Presentation on theme: "Mr Barton’s Maths Notes Number 12. Ratio www.mrbartonmaths.com."— Presentation transcript:
Mr Barton’s Maths Notes Number 12. Ratio www.mrbartonmaths.com
12. Ratio What are Ratios and Why do we need them?… Ratios are just a nice easy way of showing the relative sizes of something, whether it be quantities of money, lengths of desks, amount of time, pretty much anything you can measure can be expressed as a ratio. Ratios are also very closely linked to Fractions, and they behave in a very similar way. So… if you can understand fractions, you’ll be flying here! 1. Writing Ratios There is a funny way of ratios that requires the use of a colon : let me show you… The ratio of red squares to green squares is: 8 : 5 Because for every 8 red squares, there are 5 green: The ratio of green squares to red squares is: 5 : 8 The ratio of blue squares to red squares is: 2 : 8
2. Simplifying Ratios For the whole box, the ratio of frogs to penguins is: 9 : 6 But, can you see that for every 3 frogs, there are 2 penguins?... So, it’s also: 3 : 2 Method for Simplifying Ratios Just like with fractions, whatever you multiply/divide one side by, make sure you do the exact same to the other side! Keep dividing until each side has no common factors Example 1 Simplify 14 : 21 Okay, we are looking for factors common to both sides… how about 7! Divide both sides by 7… 14 : 21 Check for other common factors to make it even simpler?... No, so we’re done! 2 : 3 Example 2 Simplify 60 : 45 Okay, we are looking for factors common to both sides… how about 15! Divide both sides by 15… 60 : 45 Check for other common factors to make it even simpler?... No, so we’re done! 4 : 3
3. “1 to n” and “n to 1”! Sometimes the mean examiners aren’t happy with you merely simplifying a ratio, they want it expressed as either 1 : n or n : 1. Sounds hard, but so long as you can simplify ratios, and you remember that n is just a number, you’ll be fine! Example 1 Express 8 : 14 in the form 1 : n Right, what this question is asking you to do is to change 8 : 14 into 1 : n, where n is just a number for you to find. We need to change the 8 into 1, so we must divide by… erm… 8! 8 : 14 Dividing our other side by 8 gives us our final answer… 1 : ? Now, the important thing here is that you stick to the rule: whatever you multiply/divide one side by, do the exact same to the other side. 1 : 1.75 Example 1 Express 0.3 : 0.15 in the form n : 1 Again, we just need to change 0.3 : 0.15 into n : 1, sticking to our rule. Problem: what on earth do we divide 0.15 by to give us 1?... Well, anything divided by itself is 1, so how about by 0.15! 0.3 : 0.15 So, to get the other side, we just divide 0.3 by 0.15, which gives us our answer… ? : 1 2 : 1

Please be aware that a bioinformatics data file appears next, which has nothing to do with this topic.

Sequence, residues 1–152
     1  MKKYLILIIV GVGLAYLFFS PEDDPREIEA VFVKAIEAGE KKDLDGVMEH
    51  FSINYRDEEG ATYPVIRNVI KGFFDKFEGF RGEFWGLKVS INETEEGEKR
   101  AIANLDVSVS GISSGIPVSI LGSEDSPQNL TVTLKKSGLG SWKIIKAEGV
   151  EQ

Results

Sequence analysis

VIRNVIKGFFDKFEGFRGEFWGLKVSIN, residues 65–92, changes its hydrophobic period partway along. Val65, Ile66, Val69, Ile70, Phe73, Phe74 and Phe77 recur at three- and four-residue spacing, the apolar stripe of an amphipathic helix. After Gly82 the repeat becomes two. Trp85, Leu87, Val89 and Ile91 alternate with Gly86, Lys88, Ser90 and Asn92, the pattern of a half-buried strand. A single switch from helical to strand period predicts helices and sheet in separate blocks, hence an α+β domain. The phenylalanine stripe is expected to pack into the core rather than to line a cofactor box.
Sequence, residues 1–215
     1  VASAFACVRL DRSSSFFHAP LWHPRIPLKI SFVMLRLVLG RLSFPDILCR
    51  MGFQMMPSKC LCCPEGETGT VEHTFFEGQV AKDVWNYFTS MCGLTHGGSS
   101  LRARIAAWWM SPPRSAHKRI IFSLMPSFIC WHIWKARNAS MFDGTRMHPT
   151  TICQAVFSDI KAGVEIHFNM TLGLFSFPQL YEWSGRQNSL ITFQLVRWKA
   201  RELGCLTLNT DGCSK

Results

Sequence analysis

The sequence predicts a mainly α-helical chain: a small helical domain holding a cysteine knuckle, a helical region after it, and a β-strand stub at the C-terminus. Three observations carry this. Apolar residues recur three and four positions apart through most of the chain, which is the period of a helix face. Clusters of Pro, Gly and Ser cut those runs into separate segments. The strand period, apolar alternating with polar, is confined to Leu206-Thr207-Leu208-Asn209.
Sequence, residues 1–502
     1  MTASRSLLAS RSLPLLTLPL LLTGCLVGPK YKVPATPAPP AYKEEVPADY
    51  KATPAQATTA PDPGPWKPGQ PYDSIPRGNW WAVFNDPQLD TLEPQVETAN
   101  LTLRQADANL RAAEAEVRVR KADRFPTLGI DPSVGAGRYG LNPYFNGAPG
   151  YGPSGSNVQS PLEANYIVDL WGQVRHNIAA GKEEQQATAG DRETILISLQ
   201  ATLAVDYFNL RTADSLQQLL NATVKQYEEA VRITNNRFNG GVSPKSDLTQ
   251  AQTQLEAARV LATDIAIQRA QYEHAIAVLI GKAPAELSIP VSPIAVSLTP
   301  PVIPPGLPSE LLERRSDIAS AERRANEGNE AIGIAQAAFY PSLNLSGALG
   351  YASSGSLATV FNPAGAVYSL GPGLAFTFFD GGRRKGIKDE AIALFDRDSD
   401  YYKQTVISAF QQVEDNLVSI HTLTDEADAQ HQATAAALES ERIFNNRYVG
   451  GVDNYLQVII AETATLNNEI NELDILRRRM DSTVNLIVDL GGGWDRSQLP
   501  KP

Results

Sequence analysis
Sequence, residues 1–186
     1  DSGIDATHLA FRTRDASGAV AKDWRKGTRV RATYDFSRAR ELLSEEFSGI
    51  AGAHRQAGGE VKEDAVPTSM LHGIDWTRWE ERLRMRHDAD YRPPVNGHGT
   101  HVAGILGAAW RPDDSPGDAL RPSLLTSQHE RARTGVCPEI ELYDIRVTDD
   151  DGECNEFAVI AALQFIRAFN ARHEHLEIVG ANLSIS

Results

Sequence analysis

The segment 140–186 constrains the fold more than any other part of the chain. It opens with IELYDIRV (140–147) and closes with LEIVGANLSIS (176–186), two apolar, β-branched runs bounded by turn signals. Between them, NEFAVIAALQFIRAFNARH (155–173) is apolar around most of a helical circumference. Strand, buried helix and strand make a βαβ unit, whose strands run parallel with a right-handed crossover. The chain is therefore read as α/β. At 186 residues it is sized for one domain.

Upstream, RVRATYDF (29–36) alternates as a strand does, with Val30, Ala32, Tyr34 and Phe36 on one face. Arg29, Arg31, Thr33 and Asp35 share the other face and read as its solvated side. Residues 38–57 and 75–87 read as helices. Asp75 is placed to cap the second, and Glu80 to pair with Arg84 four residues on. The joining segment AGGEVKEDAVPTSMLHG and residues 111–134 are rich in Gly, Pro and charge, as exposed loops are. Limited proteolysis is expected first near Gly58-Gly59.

4. Classic Ratio Questions The types of questions on ratio that you usually get in the exam sound really nasty, but all they require is a little knowledge of what we have done before. Remember: Whatever you multiply/divide one side by, do the same to the other! Example Mr Barton has conned his Mum into making him a cake. It says on the packet that the ingredients must be mixed in the following ratios: Flour (g) : Butter (g) : Eggs : Sugar (g) 400 : 220 : 3 : 25 (a) If my Mum has 1000g of flour, how much butter does she need? (b) If she has 2 eggs, how much sugar does she need? Always set these sort of questions out the same way – write the original ratios on the top, write the new amount you know on the bottom, and ask yourself: “what do I need to do to get from my original amount to my new amount?” How do I get from 400 to 1000?... I multiply by 2.5!, so let’s do the same to the butter! 400 : 220 This is what we’ve got: 1000 : ? 220 x 2.5 = 550g (a) flourbutter How do I get from 3 to 2?... I multiply by so let’s do the same to the sugar! 3 : 25 This is what we’ve got: 2 : ? (b) eggssugar
5. Sharing in a Given Ratio For baking me the cake, I decide to share this bar of chocolate with my Mum in the ratio 5 : 3 (I am the 5, of course). How many pieces does each of us get? Method for Sharing Ratios 1. Add up the total number of parts you are sharing between 2. Work out how much one part gets 3. Use this to work out how much everybody gets! Example 1 The Chocolate Example! 1. Okay, so I get 5 parts, and my Mum gets 3 parts, so in total there are… 8 parts! 2. There are 24 pieces of chocolate all together, so each part must be worth… 24 ÷ 8 = 3 pieces 3. I have 5 parts, so I get: 3 x 5 = 15 pieces And Mum’s 3 parts get her: 3 x 3 = 9 pieces Look: 15 + 9 = 24! Example 2 Share £845 in the ratio 8 : 3 : 2 1. Okay, so in total there are… 13 parts! 2. We have £845 to share, so each part receives… 845 ÷ 13 = £65 3. How much does each person get?... 65 x 8 = £520 8 parts 3 parts 65 x 3 = £195 2 parts 65 x 2 = £130 Look: 520 + 195 + 130 = £845!